Expanded Offshore Drilling Should Be a Part of U.S. Energy Policy

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Expanded Offshore Drilling Should Be a Part of U.S. Energy Policy

February 10, 2009 3 min read Download Report
Ben Lieberman
Ben Lieberman
Senior Policy Analyst, Energy and Environment Thomas A. Roe Institute for Economic Policy Studies
Ben Lieberman is a specialist in energy and environmental issues.

Last July, President Bush rescinded the longstanding executive moratorium on offshore drilling for oil and natural gas, and Congress followed suit by allowing its own restrictions to lapse on October 1. Now, the Department of the Interior (DOI), which handles offshore energy leasing, has taken the first step toward making this energy available by publishing its proposal for a five-year leasing plan for 2010--2015. The Obama Administration should continue with this important effort to expand domestic production of oil and gas.


For many years, 85 percent of America's territorial waters--including most of the Pacific, Atlantic, and eastern Gulf of Mexico--were off limits to oil and natural gas exploration and drilling.[1] The U.S. is the only nation in the world that has restricted its own energy supply to such an extent. An estimated 19 billion barrels of oil--nearly 30 years of current imports from Saudi Arabia--as well as substantial natural gas reserves are estimated to lie beneath these restricted areas.[2] And it should be noted that these initial estimates tend to be on the low side.

Most of these restrictions were put in place at the behest of environmentalists and other drilling opponents in the late 1980s and 1990s, a time when gasoline was cheap and the need for additional supplies was not seen as great. But they have remained in place in recent years, even as gasoline hit $2.00 and then $3.00 a gallon, and even though state-of-the-art drilling technology has amassed a proven record of reducing the environmental impacts and risk of spills.[3]

However, when prices hit $4.00 a gallon last summer, a fed-up public clamored for action, and polls showed more than 2 to 1 support for offshore drilling. The President and Congress finally listened and belatedly removed the legal restrictions. The next step in the process is for DOI's Minerals Management Service (MMS) to offer these areas for lease. MMS took this step on January 16, when it announced its 2010--2015 Draft Proposed Program and published it on January 21.[4]

A Pro-Energy Opportunity for the Obama Administration

Though this proposal was crafted by the outgoing Bush Administration, the Obama Administration would do well to continue with it. It sets out a sensible plan for moving expeditiously but not recklessly toward leasing new areas, including some in the Pacific, Atlantic, offshore Alaska, and the Gulf of Mexico.

Unfortunately, some in Congress have suggested that they may re-impose all or part of the moratorium, and past statements suggest that President Obama may want to do the same. Further, even without a change in the law, new Secretary of the Interior Ken Salazar has the discretion to issue just a relative handful of new leases or simply drag out the leasing process indefinitely. However, such restrictions or delays would be a mistake.

The days of $4.00 a gallon gas are gone for now, but this is no time for complacency. The only reason for the sharp drop in oil and pump prices is a decline in demand due to the recession. But recessions do not last forever. Unless this nation begins to take action to increase supplies, prices will go right back up as soon as the economy turns around and demand picks up. Further, the process by which energy companies obtain a lease, explore for oil and gas, and then produce it takes a number of years to unfold, so the time to start the process is now.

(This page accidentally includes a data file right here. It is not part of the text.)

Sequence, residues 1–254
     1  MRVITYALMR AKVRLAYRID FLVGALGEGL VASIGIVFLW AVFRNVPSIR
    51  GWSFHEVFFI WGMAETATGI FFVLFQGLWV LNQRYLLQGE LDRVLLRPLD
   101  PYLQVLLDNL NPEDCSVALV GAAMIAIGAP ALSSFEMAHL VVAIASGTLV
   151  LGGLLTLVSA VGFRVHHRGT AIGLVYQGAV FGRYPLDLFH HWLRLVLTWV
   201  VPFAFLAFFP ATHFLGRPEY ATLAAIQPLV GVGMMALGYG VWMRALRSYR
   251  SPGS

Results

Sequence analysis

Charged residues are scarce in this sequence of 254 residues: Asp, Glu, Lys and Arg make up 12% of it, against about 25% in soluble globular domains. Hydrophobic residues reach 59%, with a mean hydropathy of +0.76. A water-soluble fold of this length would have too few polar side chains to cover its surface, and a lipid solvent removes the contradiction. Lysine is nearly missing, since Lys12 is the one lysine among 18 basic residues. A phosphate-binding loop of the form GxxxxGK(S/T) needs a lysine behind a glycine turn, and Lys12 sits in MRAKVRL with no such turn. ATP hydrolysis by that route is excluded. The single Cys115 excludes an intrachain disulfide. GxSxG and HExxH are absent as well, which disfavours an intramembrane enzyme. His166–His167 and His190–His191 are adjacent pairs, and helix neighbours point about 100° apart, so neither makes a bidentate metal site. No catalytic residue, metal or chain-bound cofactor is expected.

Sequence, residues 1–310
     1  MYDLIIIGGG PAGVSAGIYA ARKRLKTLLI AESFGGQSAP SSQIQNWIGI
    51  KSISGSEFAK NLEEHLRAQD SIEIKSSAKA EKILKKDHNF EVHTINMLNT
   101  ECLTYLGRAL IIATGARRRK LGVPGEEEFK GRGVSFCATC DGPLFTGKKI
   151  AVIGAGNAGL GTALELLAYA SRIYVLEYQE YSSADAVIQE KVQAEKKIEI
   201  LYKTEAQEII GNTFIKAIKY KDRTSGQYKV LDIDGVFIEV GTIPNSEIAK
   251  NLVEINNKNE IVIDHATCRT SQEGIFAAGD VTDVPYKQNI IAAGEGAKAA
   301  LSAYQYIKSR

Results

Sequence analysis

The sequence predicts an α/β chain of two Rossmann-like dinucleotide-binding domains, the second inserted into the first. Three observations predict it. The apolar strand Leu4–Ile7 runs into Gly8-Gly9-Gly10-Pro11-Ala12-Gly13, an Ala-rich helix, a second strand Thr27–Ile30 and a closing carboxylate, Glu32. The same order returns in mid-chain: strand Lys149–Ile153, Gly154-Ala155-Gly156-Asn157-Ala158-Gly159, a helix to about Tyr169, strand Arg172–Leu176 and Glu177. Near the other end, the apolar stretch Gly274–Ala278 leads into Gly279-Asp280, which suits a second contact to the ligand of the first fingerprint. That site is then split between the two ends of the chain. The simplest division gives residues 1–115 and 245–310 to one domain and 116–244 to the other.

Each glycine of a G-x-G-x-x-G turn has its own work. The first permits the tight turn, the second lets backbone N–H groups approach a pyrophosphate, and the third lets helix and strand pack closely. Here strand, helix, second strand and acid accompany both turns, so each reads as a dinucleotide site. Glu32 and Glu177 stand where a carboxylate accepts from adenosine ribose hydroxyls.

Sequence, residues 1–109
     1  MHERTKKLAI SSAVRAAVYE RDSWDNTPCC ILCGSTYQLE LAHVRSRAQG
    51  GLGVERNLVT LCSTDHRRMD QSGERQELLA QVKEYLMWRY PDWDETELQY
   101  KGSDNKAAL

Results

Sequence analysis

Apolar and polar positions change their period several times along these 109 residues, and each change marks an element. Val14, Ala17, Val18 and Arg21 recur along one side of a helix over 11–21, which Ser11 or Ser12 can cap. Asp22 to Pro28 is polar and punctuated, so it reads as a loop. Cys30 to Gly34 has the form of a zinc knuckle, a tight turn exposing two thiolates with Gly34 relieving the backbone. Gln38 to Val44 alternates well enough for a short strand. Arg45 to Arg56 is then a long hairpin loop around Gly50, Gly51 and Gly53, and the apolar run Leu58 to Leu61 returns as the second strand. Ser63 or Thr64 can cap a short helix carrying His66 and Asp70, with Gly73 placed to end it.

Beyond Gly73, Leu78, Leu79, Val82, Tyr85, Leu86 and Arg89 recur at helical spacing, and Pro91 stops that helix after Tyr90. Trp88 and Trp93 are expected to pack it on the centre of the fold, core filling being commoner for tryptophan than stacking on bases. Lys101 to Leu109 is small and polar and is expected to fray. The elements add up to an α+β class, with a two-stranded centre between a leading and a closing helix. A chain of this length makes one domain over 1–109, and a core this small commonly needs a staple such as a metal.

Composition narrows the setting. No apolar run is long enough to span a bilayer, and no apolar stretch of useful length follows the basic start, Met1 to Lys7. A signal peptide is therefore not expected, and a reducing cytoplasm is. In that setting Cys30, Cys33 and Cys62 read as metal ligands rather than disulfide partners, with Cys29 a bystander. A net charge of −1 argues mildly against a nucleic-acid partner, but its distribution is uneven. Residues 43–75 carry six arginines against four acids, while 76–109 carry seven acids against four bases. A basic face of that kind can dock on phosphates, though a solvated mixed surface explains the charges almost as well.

Expanded offshore drilling would also create jobs,[5] and unlike the taxpayer-funded jobs in the proposed stimulus package, the jobs created by a reinvigorated domestic energy industry would be well-paying and long-term and funded entirely by the private sector. And since the extra energy produced would help bring down future oil and natural gas prices, it would truly be a win-win for both producers and consumers.

Where To Go from Here

The comment period for the proposal lasts 60 days, after which DOI will move to the next steps, which involve a formal proposal by mid-summer and a final leasing program by as early as spring 2010. It would benefit all Americans if these steps lead expeditiously toward substantially expanded domestic offshore energy production in the years ahead.

Ben Lieberman is Senior Policy Analyst in Energy and the Environment in the Thomas A. Roe Institute for Economic Policy Studies at The Heritage Foundation.

[1]Department of Energy, Energy Information Administration, "Overview of U.S. Legislation and Regulations Affecting Offshore Natural Gas and Oil Activity," September 2005, at http://www.eia.doe.gov/pub/oil_gas/natural_gas/feature
(February 9, 2009).

[2]Department of the Interior, Minerals Management Service, "Report to Congress: Comprehensive Inventory of U.S. OCS Oil and Natural Gas Resources, February 2006, p. xii, at /static/reportimages/6D9555975094B2EFFC260DDA2E40DA53.pdf (February 9, 2009).

[3]Department of Energy, Office of Fossil Energy, "Environmental Benefits of Advanced Oil and Gas Exploration and Production Technology," October 1999, at http://fossil.energy.gov/programs
(February 9, 2009).

[4]Federal Register, Vol. 74, No. 12 (January 21, 2009), pp. 3631--3635.

[5]ICF International, "Strengthening Our Economy: The Untapped U.S. Oil and Gas Resources," December 5, 2008, at http://www.api.org/Newsroom/upload/Access_Study
(February 9, 2009).


Ben Lieberman
Ben Lieberman

Senior Policy Analyst, Energy and Environment Thomas A. Roe Institute for Economic Policy Studies

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